We’re also going to pull in a Solidity test file to test HelloWorld.sol. Create a new file in the test/ folder called TestHelloWorld.sol, paste the contents of Figure 7 into it, and save.

Figure 7: TestHelloWorld.sol.

Check that all tests pass by running the following command in your terminal:

truffle test

Codebase checkpoint: version 0.0.1

React Client

Before we do any React coding, we need to make sure our browser can interact with sites that access the blockchain. We do this by using a browser extension called MetaMask.

MetaMask

MetaMask is a browser plugin that allows users to make Ethereum transactions through regular websites. Head over to their website, install the extension and create an account.

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Figure 8: MetaMask networks.

Next, click on the MetaMask icon in your browser and log in. There, you need to add a custom RPC so the extension can access your local blockchain. Use the information from Ganache, head back to MetaMask, click Custom RPC, and enter the information. You should see it appear in the list of connections as shown in Figure 8 with http://localhost:7545. Connect to this network by clicking it.

MetaMask creates a wallet address when you create an account, but you can also import other wallet addresses provided you have control of the private keys. This is great for testing because we can use the accounts provided by Ganache to interact with our local blockchain.

Head over to Ganache and copy the private key from the first address in the list. You can display the private key by clicking the key icon on the right side of the row for each account, as shown in Figure 9.

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Figure 9: Displaying the private key.

Head back to MetaMask in your browser and open the Accounts panel by clicking on the icon in the top-right corner, as seen circled in Figure 10.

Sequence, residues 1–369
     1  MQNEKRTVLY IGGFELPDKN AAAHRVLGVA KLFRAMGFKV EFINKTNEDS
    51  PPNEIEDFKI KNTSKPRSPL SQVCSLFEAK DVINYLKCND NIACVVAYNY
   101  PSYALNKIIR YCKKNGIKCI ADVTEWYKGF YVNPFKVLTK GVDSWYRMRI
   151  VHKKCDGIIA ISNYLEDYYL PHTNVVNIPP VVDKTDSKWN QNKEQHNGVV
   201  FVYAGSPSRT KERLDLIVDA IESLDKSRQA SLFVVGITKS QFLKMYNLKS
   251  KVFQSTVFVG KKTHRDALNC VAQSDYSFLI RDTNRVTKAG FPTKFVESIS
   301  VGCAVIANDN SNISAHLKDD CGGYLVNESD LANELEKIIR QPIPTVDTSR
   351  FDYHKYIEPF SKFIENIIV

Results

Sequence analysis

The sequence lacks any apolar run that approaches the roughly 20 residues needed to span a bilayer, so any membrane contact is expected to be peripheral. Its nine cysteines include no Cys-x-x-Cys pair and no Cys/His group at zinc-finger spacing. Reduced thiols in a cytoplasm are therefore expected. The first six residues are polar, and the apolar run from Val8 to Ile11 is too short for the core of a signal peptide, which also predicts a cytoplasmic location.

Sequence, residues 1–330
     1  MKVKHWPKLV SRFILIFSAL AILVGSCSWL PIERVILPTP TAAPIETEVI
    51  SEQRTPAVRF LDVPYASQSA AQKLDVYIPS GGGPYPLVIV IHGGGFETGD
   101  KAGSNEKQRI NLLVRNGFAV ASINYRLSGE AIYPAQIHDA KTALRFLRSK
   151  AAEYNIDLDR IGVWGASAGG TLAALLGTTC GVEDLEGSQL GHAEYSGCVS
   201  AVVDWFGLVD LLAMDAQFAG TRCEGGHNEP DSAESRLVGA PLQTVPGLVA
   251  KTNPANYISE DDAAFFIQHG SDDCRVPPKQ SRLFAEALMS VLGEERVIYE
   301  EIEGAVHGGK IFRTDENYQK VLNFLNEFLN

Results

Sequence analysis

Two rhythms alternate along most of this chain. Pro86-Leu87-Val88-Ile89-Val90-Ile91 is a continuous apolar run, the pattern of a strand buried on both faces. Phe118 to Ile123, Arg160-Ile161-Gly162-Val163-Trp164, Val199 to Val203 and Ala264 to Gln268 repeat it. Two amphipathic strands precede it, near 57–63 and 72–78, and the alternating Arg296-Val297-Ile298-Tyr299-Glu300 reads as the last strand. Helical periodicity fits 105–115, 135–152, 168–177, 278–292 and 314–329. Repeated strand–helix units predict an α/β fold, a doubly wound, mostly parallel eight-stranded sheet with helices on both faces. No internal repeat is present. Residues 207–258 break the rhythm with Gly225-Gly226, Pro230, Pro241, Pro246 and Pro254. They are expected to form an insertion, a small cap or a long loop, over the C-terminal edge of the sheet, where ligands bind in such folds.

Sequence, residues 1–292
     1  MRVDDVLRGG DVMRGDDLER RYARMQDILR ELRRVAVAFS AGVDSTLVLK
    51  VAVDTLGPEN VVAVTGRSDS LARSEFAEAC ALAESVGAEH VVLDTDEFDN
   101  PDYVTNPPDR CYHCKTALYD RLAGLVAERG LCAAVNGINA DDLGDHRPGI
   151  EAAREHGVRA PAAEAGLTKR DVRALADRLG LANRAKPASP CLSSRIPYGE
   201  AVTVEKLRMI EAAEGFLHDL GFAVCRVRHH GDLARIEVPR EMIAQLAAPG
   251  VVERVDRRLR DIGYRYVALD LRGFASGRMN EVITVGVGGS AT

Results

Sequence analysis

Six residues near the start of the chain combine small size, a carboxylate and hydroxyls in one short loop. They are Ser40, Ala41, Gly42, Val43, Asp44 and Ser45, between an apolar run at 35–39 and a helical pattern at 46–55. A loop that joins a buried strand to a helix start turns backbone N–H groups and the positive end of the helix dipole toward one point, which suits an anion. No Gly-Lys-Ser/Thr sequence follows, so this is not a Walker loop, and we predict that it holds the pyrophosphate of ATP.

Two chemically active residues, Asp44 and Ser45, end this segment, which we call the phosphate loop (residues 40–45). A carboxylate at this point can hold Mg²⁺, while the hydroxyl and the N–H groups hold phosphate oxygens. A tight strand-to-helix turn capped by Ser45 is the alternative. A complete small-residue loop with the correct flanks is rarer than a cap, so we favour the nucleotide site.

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Figure 10: Accounts button in MetaMask.

Click Import Account, paste the private key in, and click Import. This will add the account to your list of accounts. Select that account. Great! Let’s test it out.

Front end

Let’s test our React client. As I mentioned earlier, the Truffle Box provides some React boilerplate. In your terminal, navigate into the client/ folder and run the following:

npm run start

This should open a new browser tab and attempt to connect your browser to the blockchain. You’ll get a notification from the MetaMask extension attempting to connect. Confirm it. The webpage displayed should look like Figure 11.

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Figure 11: React front end.

Next, we’re going to load the new HelloWorld contract, retrieve the greeting by calling getGreeting(), and display it on this page.

Querying the blockchain

Head over to your text editor and open up App.js in the client/ folder.

First, import the compiled contract. Add the following line to the import statements:

import HelloWorld from "./contracts/HelloWorld.json";

Then we need to do the following:

  • Inside componentDidMount(), we need this.setState() to include the HelloWorld contract, where it currently only has the SimpleStorage contract.
  • Once we’ve done that, we need runExample() to use call getGreeting() on the HelloWorld contract just as it calls get() on the SimpleStorage contract.
  • Finally, we need a new div in the render() method to display the value.

Try this yourself and check the browser to see if your changes have the desired effect. When finished, your App.js file should look similar to the code in Figure 12.

Figure 12: App.js.
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Figure 13: Webpage changes.

Congratulations! You have successfully created a Truffle project using the React Truffle Box, added a smart contract to the project, retrieved data from this contract, and displayed it in the React app. Well done! I hope this inspires you to explore blockchain development more and I encourage you to follow some of the links below to expand your knowledge.

Codebase checkpoint: version 0.0.2

Further Reading

If you enjoyed this article and want to learn more about smart contract security, blockchain development, or the blockchain space in general, I highly recommend the Blockgeeks platform. They have courses on a wide range of topics in the industry, from coding to marketing to trading. It has proven to be an invaluable tool for my development in the blockchain space.